Consuming Mediterranean Diet Can Benefit Your Thinking Skills Later in Life

Ingredients for spring vegetable buddha bowl. Delicious healthy food. On a gray background, top viewA new study from the University of Edinburgh has found that people who consume a Mediterranean-style diet have better thinking skills when analyzed. The diet, which consists of mostly green leafy vegetables and is low in meat, has been linked to many health benefits across various studies.

These latest findings add to the mounting evidence that suggests a plant-based Mediterranean-style diet has benefits for cognitive functioning later in later. For the study, researchers tested the thinking skills of more than 500 people aged 79. None of the participants had dementia.


Each participant was required to complete tests involving problem-solving, thinking speed, memory, and word knowledge. They were also directed to fill out a questionnaire about their eating habits during the previous year. Over half the participants also underwent a magnetic resonance imaging (MRI) brain scan to test for their brain structure.

Researchers used statistical models to look for associations between participant diet habits, thinking skills, and brain health later in life.

It was found that, in general, participants who followed a Mediterranean-style diet had the highest cognitive function scores. Results were adjusted for childhood IQ, physical activity, smoking, and other related health factors. These differences were small but statistically significant.

Dr. Janie Corley concluded the study by saying, “Eating more green leafy vegetables and cutting down on red meat might be two key food elements that contribute to the benefits of the Mediterranean-style diet. In our sample, the positive relationship between a Mediterranean diet and thinking skills is not accounted for by having a healthier brain structure, as one might expect. Though it’s possible there may be other structural or functional brain correlates with this measure of diet, or associations in specific regions of the brain, rather than the whole brain, as measured here.”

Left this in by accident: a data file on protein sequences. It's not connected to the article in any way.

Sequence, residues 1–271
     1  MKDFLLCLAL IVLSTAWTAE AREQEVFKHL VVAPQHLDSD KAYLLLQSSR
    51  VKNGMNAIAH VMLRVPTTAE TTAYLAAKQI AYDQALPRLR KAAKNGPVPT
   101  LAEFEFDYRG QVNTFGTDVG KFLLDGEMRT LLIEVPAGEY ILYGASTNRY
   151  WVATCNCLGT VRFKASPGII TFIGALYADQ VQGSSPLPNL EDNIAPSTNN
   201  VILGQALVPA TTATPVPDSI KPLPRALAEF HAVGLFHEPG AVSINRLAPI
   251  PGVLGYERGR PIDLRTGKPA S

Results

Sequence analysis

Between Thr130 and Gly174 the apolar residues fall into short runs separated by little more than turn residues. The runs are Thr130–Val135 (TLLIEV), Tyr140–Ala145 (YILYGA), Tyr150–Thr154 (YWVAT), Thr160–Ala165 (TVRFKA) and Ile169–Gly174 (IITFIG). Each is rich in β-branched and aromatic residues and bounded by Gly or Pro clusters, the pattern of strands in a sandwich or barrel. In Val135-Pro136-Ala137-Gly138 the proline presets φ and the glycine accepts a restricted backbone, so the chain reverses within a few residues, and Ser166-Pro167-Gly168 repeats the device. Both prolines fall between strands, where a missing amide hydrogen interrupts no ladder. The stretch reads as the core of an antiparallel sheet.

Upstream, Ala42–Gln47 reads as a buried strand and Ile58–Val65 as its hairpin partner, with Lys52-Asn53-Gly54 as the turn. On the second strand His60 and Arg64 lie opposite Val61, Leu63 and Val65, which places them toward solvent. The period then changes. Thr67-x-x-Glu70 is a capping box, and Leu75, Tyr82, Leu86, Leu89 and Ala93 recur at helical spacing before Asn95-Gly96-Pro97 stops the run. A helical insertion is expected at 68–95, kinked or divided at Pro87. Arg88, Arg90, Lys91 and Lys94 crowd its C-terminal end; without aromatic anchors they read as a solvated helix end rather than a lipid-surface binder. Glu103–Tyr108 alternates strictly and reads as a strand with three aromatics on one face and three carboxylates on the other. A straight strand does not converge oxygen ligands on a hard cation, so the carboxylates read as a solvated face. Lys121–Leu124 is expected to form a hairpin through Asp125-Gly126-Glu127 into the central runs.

No Relationship to Better Brain Health

While the study did find a link between diet and thinking skills, it did not find a connection to better brain health. Researchers also note that grey and white matter volume, markers of healthy brain aging, did not differ between those regularly eating a plant-based diet and those who did not.

A Mediterranean diet has been found to have many health benefits for overall health and many experts believe it is one of the best ways to eat to stay healthy. In fact, it has been credited as the reason why so many southern European regions have such high life expectancy. Inspired by Spain, Italy, and Greece’s eating habits in the 1960s, the principal aspects include high consumption of olive oil, legumes, unrefined cereals, fruits, and vegetables. It also includes high consumption of fish and very little meat.

Author Bio

Sarah began her interest in nutritional healing at an early age. After going through health problems and becoming frustrated with the conventional ways doctors wanted to treat her illness (which were not working), she took it upon herself to find alternative treatments. This led her to revolutionize her own diet to help her get healthier and tackle her health problems. She began treating her illness by living a more balanced lifestyle through healthy food choices, exercise and other alternative medicine such as meditation. This total positive lifestyle change led her to earn a diploma in Nutritional Therapy from Health Sciences Academy in London, England. Today, Sarah enjoys helping others by teaching healthy lifestyle changes through her personal consultations and with her regular contributions to the Doctors Health Press. Also, passionate about following her dreams in life, Sarah moved to France and lived in Paris for over 5 years where she earned a certification in beadwork and embroidery from Lesage (an atelier owned by Chanel). She then went on to be a familiar face sitting front row and reporting from Paris Fashion Week. Sarah continues to practice some of the cultural ways of life she learned while in Europe. They enjoy their food, and take the time to relax and enjoy many of life’s little moments. These are life lessons she is glad to have brought back home with her.